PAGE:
I’m currently at home and enjoying some spare time which got me thinking. What defines traveling? What makes you a real wanderer? To be honest, I haven’t got the answer to that myself. Or maybe I do. I’ll let you make that decision.
My last trip took me to beautiful California. A destination I instantly clicked with. I felt at ease and happier than ever before when being away. Don’t get me wrong. I’ve always felt that deep longing inside of me to see the world, to discover new places. There are so many amazing places to go to in this world and a destination close by can be as magical and surprising as one far away.
When I think about my traveling habits, I see that they changed over the years, just as I have changed. Traveling changes people, but life does too. When I could afford travel from my first paid job, I thought it was all about exotic places, spending money and fancy hotels. I spent money on luxurious accommodation and expensive restaurants, and I enjoyed it at that time. I considered it to be my much-deserved vacation from all the hard work which is a totally fine thing to do. Everybody should spoil himself from time to time.
But as the years went by in my twenties somethings changed. I learned that a posh hotel room isn’t what I find fulfilling. During that time, I faced some major changes. I changed jobs, got out of a long-term relationship and recovered from a severe health condition. That’s what initially got me to rethink my habits. I set new goals and tried to find myself again. What is making me happy? What is important to me? What am I just doing to impress or please others? Well, I tried to find that answers not only within me but also within traveling.
I remember, that up to this time, I’ve never traveled alone. I didn’t need to rely on myself and listen to me gut feeling though I very well could. I shied away from experiences that could’ve been unforgettable just because I thought I would have been afraid when deep down I really wasn’t, and I just responded to peer pressure or didn’t want to cause any inconvenience. So, I set myself the new goal of doing all the things I missed out on and booked my first solo trip. I was 27 years old at that time. I wanted to start with an easy destination, that I always wanted to explore on my own terms ¬– London. Instead of paying for a hotel, I booked my first AirBnB in a lovely neighborhood in the British capital. I rode public transport to really get a feel for the city life and not just come to do all the touristy stuff, though I did, of course. I made it a habit to buy a travel book for each destination I go to, browse through and pick out the sights and activities I’m interested in the most and then I go for it. You need to have a little direction at last. Additionally, I try to mix in some activities that are very special. In the states I got tickets to a football game and found my love for the sport ever since. On that first female solo trip I also fought an inner battle. Maybe it really was because I wasn’t used to be on my own, but I felt lonely from time to time. Though I celebrated my freedom to chose to do whatever I want, it made me sad to have nobody to share amazing moments with. And let’s be honest here – all those people at home only want the short-cut version of your trip. They don’t have time to listen to all the experiences you had and the anecdotes you bring home with you.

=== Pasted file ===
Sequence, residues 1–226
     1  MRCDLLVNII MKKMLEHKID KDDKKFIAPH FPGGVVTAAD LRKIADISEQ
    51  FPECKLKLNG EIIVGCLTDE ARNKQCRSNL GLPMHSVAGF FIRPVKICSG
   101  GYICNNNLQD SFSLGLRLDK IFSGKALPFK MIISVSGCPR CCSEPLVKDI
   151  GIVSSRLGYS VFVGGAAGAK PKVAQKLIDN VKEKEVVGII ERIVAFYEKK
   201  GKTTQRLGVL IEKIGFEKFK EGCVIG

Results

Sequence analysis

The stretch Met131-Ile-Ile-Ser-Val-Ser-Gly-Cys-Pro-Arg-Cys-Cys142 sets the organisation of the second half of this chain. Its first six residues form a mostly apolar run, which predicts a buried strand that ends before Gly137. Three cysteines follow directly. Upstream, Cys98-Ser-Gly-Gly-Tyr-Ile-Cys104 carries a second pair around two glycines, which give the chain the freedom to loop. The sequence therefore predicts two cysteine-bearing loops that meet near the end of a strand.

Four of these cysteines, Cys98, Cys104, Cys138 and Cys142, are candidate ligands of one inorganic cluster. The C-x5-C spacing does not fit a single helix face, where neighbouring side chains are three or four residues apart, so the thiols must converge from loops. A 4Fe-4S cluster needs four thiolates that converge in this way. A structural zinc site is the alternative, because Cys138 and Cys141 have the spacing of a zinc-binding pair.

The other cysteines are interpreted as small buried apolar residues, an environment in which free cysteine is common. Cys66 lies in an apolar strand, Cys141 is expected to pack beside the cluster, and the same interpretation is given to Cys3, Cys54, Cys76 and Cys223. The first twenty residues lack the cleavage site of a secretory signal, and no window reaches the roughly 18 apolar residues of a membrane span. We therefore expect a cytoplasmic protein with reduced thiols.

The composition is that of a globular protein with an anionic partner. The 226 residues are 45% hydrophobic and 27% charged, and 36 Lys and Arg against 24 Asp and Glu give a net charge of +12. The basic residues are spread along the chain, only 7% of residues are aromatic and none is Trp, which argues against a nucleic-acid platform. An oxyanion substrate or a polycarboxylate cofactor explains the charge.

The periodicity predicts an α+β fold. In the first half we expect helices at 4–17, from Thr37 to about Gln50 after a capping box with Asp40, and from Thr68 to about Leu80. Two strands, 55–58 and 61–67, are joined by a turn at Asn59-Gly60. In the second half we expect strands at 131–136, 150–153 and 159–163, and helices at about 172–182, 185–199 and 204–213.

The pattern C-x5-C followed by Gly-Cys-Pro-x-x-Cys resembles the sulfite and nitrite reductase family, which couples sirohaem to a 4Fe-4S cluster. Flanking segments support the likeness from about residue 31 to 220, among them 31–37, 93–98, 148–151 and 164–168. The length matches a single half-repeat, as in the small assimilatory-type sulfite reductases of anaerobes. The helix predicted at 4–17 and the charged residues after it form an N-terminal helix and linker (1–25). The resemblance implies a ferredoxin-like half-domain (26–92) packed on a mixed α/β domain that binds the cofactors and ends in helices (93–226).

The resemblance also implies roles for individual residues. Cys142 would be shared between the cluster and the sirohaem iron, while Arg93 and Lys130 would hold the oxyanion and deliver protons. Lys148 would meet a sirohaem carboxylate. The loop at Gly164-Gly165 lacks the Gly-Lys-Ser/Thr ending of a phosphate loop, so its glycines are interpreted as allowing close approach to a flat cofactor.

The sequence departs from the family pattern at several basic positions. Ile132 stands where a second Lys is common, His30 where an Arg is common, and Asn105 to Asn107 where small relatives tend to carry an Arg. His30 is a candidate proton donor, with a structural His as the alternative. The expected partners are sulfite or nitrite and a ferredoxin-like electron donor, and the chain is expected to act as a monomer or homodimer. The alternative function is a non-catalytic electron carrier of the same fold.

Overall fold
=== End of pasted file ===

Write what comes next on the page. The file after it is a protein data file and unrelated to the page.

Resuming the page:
Another lesson I learned from traveling was, that I shouldn’t wait for company. If you really want to do something, save up for it, get ready and pursue it. For many years, I dreamed about learning how to surf and everyone I told about my dreams found it super cool or said that this year they already made plans, but we should go on a surfing trip the year after. Guess what happened? Right. Nothing. Time flew by and my dream was still exactly that – a dream until I finally booked a trip to Portugal. I had an amazing time, met awesome people, had a healthy diet, started the days with yoga and was out on the Atlantic Ocean to have fun in beginner waves. I got back content and hooked up on surfing. And whether it was in London or in Portugal, I learned that the most calming and rewarding thing for me is to be in nature’s arms.
That’s why California was perfect for me. I had the perks of the city when starting my trip in San Francisco, but the day of pure sightseeing gave me nothing. I literally just checked things off my list. Instead I enjoyed being in the woods of Marin county, walking through Golden Gate park or along the coastline without a specific agenda. I just went with the flow and see where the day would take me. I had the happiest feelings when I had a rare wildlife encounter in Point Lobos State Park and when I could breathe in the salty air, watch the sun set over the ocean and just be.
To sum it all up, I don’t care about material things or activities that would be considered worth showing off at home. I enjoy being on my own, wandering in the nature and reconnect with it. In my eyes, that doesn’t make me a typical traveler. I like to plan my trips to a certain extent. I still can find interested in cities and all they have to offer. But just as I re-structured and tried to simplify my life, I did the same with the way I travel and to put it with the words of Marie Kondo, I only try to stick with things that spark joy.